So while trying to code the second one I came with the idea of having a single callback that could call different functions depending of the state of the application, and without the need of the code to be hardcoded.

    The callback manager is pretty simple and goes like this:

    And here is an example of how you would use it. In this case I’m using ExtJs 4, with a controller and a store. The event we want to catch is when the store loads. One function [countStoreRecords()] is always called, and the other function [showRecordsOnGrid()] is called only if a window exists.

  • #Javascript
  • #ExtJs4
  • #Callback
  • #Events
  • 28th Jul 2013

    How to set custom text to MessageBox buttons in ExtJs 4?

    Today I was working with MessageBoxes in ExtJs 4 and I stumble upon with the trouble of language. The button’s text is obviously in english, but what if you’re developing for hispanic audiences or you just want to set custom text to this buttons? When I tried to change the text I had a hard time finding out how to achieve this. 

    /**
     * Eg. MessageBox with three default buttons.
     */
    Ext.Msg.show({
        title:'Caution',
        msg: 'Display your message here!',
        buttons: Ext.Msg.YESNOCANCEL,        // Displays a Yes, No and Cancel buttons
        fn: myCallbackFunction,
        animEl: 'elId'
    });
    

    (MessageBox configuration with default buttons)

    Although there are a few sites and forums with instructions on how to do it

    any of these worked for me with version 4.2.

    It was until I tried with a  configuration from version 1.1.1 that I achieved the result. Here is the code:

    /**
     * Eg. How to display a MessageBox with custom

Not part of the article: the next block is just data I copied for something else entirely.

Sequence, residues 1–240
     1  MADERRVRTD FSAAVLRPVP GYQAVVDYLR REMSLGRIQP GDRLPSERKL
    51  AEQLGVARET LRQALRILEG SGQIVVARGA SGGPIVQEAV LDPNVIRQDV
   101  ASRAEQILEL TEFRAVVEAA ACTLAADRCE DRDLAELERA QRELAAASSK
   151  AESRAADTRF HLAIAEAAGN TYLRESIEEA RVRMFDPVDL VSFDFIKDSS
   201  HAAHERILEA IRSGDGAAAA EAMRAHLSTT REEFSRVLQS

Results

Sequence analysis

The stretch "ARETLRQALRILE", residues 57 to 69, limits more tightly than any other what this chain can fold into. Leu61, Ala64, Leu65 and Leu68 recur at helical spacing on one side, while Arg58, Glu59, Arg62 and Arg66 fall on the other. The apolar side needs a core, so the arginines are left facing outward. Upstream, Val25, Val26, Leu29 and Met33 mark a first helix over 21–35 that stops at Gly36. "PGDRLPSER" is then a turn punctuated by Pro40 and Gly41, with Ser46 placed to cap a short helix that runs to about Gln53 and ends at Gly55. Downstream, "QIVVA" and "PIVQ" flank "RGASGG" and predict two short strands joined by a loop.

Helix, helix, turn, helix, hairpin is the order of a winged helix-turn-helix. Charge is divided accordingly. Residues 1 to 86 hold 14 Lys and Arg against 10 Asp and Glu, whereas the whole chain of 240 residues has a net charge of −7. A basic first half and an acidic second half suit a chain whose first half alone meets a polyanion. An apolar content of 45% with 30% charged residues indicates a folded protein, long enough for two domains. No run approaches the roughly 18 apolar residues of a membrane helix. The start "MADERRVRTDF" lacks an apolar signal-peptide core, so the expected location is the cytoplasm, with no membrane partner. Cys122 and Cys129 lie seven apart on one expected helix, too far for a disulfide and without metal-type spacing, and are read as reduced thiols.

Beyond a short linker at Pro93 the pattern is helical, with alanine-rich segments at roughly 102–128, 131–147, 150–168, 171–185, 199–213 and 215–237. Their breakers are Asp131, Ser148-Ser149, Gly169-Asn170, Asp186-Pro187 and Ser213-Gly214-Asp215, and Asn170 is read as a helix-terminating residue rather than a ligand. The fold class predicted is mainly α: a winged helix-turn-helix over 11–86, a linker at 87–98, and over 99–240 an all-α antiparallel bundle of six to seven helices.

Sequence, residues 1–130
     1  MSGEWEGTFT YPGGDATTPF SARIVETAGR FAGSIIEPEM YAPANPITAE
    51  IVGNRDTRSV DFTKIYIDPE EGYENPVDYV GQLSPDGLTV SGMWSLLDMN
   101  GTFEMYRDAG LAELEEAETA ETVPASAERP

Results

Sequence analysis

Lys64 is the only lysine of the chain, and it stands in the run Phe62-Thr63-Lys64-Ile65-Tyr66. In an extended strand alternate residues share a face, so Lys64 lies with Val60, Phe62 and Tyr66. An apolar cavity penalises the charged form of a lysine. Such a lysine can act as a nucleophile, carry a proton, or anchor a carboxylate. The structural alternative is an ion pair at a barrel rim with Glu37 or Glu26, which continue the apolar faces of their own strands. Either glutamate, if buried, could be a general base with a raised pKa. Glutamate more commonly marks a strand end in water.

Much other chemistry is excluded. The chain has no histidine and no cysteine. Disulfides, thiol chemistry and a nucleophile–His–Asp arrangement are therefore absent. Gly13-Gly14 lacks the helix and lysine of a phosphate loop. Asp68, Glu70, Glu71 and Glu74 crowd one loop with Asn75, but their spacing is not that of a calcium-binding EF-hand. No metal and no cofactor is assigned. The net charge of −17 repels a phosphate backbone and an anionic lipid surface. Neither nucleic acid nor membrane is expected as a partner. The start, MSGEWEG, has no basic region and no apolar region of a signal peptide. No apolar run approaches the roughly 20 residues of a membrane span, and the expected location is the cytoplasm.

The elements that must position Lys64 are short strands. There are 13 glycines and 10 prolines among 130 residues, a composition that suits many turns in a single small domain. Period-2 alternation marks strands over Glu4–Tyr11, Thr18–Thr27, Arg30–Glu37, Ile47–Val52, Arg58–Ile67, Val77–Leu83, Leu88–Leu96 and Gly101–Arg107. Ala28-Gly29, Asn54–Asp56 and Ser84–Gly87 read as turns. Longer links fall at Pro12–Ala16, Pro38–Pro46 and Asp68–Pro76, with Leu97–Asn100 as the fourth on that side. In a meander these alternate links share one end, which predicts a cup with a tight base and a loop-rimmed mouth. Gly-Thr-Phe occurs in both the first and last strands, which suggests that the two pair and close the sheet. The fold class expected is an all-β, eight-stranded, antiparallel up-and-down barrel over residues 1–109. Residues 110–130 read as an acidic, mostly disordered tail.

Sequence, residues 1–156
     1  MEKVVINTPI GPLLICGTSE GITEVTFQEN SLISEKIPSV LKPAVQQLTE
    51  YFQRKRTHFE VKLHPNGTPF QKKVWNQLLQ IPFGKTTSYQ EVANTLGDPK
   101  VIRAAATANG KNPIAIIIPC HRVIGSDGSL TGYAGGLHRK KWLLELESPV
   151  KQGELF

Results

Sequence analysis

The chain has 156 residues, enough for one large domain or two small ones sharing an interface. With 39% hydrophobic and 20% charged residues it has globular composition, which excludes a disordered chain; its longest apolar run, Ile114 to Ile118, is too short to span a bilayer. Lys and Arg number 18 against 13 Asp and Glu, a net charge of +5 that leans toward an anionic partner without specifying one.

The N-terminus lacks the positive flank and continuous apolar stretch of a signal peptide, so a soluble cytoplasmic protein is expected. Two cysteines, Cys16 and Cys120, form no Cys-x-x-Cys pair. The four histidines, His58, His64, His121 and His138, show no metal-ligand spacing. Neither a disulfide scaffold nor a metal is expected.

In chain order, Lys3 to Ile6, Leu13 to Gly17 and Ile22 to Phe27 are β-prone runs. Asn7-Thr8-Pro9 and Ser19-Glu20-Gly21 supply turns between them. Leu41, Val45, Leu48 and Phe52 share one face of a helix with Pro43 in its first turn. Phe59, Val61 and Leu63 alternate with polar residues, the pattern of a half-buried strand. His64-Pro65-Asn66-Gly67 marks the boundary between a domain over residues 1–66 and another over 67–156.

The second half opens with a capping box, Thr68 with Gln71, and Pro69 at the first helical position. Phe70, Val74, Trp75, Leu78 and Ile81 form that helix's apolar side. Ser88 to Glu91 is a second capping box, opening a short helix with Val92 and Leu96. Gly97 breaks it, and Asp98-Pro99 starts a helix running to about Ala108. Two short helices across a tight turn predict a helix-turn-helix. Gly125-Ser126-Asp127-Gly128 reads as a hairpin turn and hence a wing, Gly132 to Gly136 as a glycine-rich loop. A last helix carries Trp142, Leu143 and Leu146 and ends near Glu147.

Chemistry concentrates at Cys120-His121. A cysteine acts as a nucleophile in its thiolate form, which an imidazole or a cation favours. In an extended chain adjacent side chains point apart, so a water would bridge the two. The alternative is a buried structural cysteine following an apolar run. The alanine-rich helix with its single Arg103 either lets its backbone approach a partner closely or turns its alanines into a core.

* text in the buttons.
     */
    Ext.Msg.show({
        title:'Caution',
        msg: 'Display your message here!',
        buttonText: {                        // Set the custom text here
            ok: 'Custom Ok text',
            yes: 'Custom Yes text',
            no: 'Custom No text'
        },
        fn: myCallbackFunction,
        animEl: 'elId'
    });
    

    Edit code on JsFiddle

  • #Javascript
  • #ExtJs
  • #ExtJs4
  • #Sencha
  • 11th Jul 2013

    Why NaN isn’t equals to itself?

    In Javascript, NaN object is a curious case. One of its properties is that it isn’t equals to itself:

    NaN === NaN;    // false
    

    Many consider this an error of the language, but after reading some articles, comments and discussions over the Internet, I figured out a logic conclusion.

    Operations like the following produce NaN, but that doesn’t imply that they are equal to each other:

    log (-1) === NaN;     // true
    100/0 === NaN;        // true
    log (-1) === 100/0;   // false
    

    NaN being equals to itself would also imply that:

    NaN/NaN === 1;      // false
    NaN - NaN === 0;    // false
    

    Anyway, we can use the isNaN() function to test a variable. As shown in Mozilla Developer Network:

    NaN === NaN;          // false
    Number.NaN === NaN;   // false
    isNaN(NaN);           // true
    isNaN(Number.NaN);    // true
    

    Further reading at IEEE 754 Standard.

  • #javascript
  • #NaN
  • 7th Jul 2013

    Measuring execution times in Javascript

    I’m sharing with you an easy way I learned to measure execution time of certain pieces of code in Javascript. The only thing you have to do is create two Date objects, on before the piece of code and the other after so you can compare them. In the following code I create two arrays in different ways as an example to compare which one is faster:

    Consider running your test several times because the execution times may vary each time. Then you can take the average running times and decide for the best option.

  • #Javascript
  • #Debugging
  • 3rd Jul 2013